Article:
Brent Bozell
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There are occasions in the news coverage of campaigns where fevered imagination kicks in and calm, comparative reason takes a holiday. Here we go again, and this time it's Harold Ford Jr., the Democratic contender for the Senate in Tennessee who is getting the red carpet media treatment. Ford is an attractive black "rising Democratic star," whose only obstacle is Tennessee's inability to get beyond its sordid racist past.

The East Coast media recently parachuted into Tennessee to explore if the state was still so backward as to elect yet another Republican. On its front page, The Washington Post began a story with John Layne, aging white Republican, who came to a Ford rally because he has emphysema and worries about health care. "Oh, sure, there's some prejudice," Layne said. "I wouldn't want my daughter marrying one." But apparently, he'll vote for one if the government benefit checks are good.

From that assumption -- scratch a Southerner, and there's still a bigot underneath, unless he votes for Democrats -- the media have built fortresses of hot air on another assumption: Going back to the Nixon era, Republicans have gained office in the South not because of their record on national defense or abortion or taxes, but because every conservative victory is proof of Southern racism successfully exploited.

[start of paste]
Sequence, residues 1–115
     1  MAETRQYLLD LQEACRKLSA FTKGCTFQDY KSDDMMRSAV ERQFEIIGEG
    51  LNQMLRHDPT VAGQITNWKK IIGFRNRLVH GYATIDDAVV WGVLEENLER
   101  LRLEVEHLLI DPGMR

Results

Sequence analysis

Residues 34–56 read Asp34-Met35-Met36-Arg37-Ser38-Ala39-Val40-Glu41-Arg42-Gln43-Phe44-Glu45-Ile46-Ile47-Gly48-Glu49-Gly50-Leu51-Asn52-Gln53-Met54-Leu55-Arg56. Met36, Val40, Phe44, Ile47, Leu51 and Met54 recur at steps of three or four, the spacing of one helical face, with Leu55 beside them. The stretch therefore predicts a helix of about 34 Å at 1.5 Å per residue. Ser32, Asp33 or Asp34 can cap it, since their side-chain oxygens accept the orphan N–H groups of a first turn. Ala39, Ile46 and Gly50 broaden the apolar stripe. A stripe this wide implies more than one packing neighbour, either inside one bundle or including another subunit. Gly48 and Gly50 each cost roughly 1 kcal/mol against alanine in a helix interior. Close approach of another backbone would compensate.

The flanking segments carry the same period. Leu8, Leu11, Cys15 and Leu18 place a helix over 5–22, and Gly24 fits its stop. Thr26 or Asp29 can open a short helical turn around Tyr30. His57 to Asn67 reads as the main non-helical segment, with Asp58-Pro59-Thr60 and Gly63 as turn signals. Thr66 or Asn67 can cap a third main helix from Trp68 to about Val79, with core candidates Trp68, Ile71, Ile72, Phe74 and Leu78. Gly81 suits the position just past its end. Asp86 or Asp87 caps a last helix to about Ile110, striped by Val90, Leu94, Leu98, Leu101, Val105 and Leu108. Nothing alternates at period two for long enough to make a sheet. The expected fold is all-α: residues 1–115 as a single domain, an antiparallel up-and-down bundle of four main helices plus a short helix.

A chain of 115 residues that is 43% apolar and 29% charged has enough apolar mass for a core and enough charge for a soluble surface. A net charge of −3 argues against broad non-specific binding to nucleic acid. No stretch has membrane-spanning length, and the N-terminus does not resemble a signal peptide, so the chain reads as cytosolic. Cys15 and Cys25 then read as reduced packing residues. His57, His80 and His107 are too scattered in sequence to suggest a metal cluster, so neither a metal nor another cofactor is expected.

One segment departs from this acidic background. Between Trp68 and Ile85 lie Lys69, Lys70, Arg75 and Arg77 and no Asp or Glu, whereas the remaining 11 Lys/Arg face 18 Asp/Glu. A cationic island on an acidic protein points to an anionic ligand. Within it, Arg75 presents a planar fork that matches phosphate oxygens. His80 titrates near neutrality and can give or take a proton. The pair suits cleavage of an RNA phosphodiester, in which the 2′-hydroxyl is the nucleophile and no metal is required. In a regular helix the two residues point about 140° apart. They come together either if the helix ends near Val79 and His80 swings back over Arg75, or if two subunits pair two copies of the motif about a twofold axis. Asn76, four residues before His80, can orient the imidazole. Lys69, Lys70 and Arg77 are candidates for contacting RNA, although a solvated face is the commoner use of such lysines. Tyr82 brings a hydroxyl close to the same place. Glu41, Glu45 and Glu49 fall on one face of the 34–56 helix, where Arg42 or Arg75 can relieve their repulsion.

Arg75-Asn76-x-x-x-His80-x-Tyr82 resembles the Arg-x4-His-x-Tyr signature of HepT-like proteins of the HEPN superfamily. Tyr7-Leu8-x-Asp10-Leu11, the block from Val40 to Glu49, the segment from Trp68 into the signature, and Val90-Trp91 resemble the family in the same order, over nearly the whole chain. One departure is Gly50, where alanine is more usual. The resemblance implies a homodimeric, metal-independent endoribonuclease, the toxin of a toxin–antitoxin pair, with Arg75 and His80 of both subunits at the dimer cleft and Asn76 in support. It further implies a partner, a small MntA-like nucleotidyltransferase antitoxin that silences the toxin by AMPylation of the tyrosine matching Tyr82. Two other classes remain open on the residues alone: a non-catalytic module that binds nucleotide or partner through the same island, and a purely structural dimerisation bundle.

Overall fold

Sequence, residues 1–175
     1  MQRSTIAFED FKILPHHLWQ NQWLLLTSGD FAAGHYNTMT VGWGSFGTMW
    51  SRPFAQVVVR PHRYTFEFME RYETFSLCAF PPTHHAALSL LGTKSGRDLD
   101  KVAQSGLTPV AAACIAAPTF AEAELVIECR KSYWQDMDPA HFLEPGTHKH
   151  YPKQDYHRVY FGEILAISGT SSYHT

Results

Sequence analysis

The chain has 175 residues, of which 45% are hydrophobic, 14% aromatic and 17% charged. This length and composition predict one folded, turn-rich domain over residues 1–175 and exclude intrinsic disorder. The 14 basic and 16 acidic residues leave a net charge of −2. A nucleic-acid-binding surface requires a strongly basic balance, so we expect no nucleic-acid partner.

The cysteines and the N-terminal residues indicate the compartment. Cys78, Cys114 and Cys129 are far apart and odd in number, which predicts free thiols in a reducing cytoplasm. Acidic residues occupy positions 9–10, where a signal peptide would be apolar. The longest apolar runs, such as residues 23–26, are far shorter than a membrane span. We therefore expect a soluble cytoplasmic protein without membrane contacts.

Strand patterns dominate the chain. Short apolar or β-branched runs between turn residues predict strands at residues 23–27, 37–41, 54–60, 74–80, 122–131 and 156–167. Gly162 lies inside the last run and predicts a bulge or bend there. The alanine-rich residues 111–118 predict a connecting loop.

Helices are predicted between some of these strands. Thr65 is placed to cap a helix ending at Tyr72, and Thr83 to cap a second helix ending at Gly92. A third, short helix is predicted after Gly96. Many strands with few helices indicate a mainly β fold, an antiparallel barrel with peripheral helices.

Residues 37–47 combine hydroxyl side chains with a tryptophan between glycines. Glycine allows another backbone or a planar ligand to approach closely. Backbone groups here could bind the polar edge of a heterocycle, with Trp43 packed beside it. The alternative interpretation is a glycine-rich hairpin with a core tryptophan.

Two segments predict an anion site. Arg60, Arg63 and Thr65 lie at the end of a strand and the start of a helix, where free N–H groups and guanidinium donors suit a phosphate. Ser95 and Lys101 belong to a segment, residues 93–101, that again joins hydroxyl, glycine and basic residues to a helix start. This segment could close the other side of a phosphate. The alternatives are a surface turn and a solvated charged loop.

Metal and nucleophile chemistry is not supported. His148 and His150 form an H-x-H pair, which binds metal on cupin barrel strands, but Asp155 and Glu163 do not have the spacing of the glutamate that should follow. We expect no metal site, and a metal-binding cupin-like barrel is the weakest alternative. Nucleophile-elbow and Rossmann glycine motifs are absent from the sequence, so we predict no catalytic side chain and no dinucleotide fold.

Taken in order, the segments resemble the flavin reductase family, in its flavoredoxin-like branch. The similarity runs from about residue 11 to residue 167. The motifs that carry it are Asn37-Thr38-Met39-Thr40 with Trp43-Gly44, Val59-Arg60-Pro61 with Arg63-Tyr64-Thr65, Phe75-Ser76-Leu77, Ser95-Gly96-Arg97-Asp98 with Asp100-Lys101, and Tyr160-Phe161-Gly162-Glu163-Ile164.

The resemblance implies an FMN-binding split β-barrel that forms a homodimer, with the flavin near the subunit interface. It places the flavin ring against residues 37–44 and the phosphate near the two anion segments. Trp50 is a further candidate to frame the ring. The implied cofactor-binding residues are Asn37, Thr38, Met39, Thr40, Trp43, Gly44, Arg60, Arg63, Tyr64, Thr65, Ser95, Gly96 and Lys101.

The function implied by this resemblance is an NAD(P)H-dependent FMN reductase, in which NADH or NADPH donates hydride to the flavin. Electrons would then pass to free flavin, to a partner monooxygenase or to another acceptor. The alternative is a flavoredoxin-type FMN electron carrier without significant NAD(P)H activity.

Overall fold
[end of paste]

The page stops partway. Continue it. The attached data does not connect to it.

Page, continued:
Ford filmed a TV ad inside a church and, further pushing the piety theme, regularly has proclaimed his love for Jesus Christ on the campaign trail. But Republicans saw hypocrisy -- and an opportunity to exploit it. They ran a humorous ad mocking Ford for attending a Playboy magazine party in Florida at the Super Bowl last year. The ad ends with a woman posing as someone Ford met at the Super Bowl, saying, "Harold, call me."

The liberal media hyperventilated, treating this ad as if it was the vilest racist piece of film since "Birth of a Nation" in 1915.

In The New York Times, media writer Alessandra Stanley scolded that the ad was a comedic regurgitation of how "Republican strategists in 1988 tried to stoke subliminal racist fears with the infamous Willie Horton ad." For the young, that's an ad that underlined that Gov. Michael Dukakis was soft on criminals because he let murderers out on weekend furloughs. Willie Horton was sentenced to life in prison for stabbing a gas station attendant 19 times and shoving him into a garbage can to die. On one weekend furlough, the convict raped a woman in Maryland.

But Horton was black, and therefore Dukakis' position on crime, like Ford's position on moral issues, was irrelevant. Those Republicans are racists, and that's all that matters.

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Brent Bozell

Founder and President of the Media Research Center, Brent Bozell runs the largest media watchdog organization in America.
 
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